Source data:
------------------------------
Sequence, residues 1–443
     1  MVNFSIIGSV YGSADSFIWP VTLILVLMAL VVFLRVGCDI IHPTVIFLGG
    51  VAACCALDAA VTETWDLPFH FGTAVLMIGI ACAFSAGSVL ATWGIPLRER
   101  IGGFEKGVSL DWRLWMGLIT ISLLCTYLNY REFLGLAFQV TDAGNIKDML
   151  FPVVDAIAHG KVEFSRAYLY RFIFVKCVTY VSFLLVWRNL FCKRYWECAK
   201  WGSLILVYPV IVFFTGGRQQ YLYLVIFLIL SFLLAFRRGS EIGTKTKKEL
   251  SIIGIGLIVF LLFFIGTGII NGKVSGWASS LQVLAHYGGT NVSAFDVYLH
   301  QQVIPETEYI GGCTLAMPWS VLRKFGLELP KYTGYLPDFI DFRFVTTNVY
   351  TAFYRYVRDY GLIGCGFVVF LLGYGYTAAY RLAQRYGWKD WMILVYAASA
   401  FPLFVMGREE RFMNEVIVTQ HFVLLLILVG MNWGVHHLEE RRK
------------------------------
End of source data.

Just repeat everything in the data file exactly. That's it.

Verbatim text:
Sequence, residues 1–443
     1  MVNFSIIGSV YGSADSFIWP VTLILVLMAL VVFLRVGCDI IHPTVIFLGG
    51  VAACCALDAA VTETWDLPFH FGTAVLMIGI ACAFSAGSVL ATWGIPLRER
   101  IGGFEKGVSL DWRLWMGLIT ISLLCTYLNY REFLGLAFQV TDAGNIKDML
   151  FPVVDAIAHG KVEFSRAYLY RFIFVKCVTY VSFLLVWRNL FCKRYWECAK
   201  WGSLILVYPV IVFFTGGRQQ YLYLVIFLIL SFLLAFRRGS EIGTKTKKEL
   251  SIIGIGLIVF LLFFIGTGII NGKVSGWASS LQVLAHYGGT NVSAFDVYLH
   301  QQVIPETEYI GGCTLAMPWS VLRKFGLELP KYTGYLPDFI DFRFVTTNVY
   351  TAFYRYVRDY GLIGCGFVVF LLGYGYTAAY RLAQRYGWKD WMILVYAASA
   401  FPLFVMGREE RFMNEVIVTQ HFVLLLILVG MNWGVHHLEE RRK